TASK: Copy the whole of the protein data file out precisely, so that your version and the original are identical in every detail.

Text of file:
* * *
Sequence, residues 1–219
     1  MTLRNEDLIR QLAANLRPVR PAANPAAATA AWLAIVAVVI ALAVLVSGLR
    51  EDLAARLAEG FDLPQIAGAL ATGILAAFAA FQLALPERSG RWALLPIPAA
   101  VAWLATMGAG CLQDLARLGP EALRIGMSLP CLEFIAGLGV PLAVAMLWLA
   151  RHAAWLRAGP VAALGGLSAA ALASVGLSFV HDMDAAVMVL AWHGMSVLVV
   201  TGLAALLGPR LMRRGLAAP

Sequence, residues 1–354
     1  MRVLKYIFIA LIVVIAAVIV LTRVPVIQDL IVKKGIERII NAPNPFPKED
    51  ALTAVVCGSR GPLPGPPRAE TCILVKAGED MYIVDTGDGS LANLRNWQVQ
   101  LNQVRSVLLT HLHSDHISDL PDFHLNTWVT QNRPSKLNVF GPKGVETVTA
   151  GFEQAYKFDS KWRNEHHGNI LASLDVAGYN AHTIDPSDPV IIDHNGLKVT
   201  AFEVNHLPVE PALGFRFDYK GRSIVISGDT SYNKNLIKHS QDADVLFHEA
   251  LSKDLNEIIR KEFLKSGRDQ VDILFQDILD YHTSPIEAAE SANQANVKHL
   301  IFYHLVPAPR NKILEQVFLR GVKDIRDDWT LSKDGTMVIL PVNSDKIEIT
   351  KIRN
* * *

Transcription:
Sequence, residues 1–219
     1  MTLRNEDLIR QLAANLRPVR PAANPAAATA AWLAIVAVVI ALAVLVSGLR
    51  EDLAARLAEG FDLPQIAGAL ATGILAAFAA FQLALPERSG RWALLPIPAA
   101  VAWLATMGAG CLQDLARLGP EALRIGMSLP CLEFIAGLGV PLAVAMLWLA
   151  RHAAWLRAGP VAALGGLSAA ALASVGLSFV HDMDAAVMVL AWHGMSVLVV
   201  TGLAALLGPR LMRRGLAAP

Sequence, residues 1–354
     1  MRVLKYIFIA LIVVIAAVIV LTRVPVIQDL IVKKGIERII NAPNPFPKED
    51  ALTAVVCGSR GPLPGPPRAE TCILVKAGED MYIVDTGDGS LANLRNWQVQ
   101  LNQVRSVLLT HLHSDHISDL PDFHLNTWVT QNRPSKLNVF GPKGVETVTA
   151  GFEQAYKFDS KWRNEHHGNI LASLDVAGYN AHTIDPSDPV IIDHNGLKVT
   201  AFEVNHLPVE PALGFRFDYK GRSIVISGDT SYNKNLIKHS QDADVLFHEA
   251  LSKDLNEIIR KEFLKSGRDQ VDILFQDILD YHTSPIEAAE SANQANVKHL
   301  IFYHLVPAPR NKILEQVFLR GVKDIRDDWT LSKDGTMVIL PVNSDKIEIT
   351  KIRN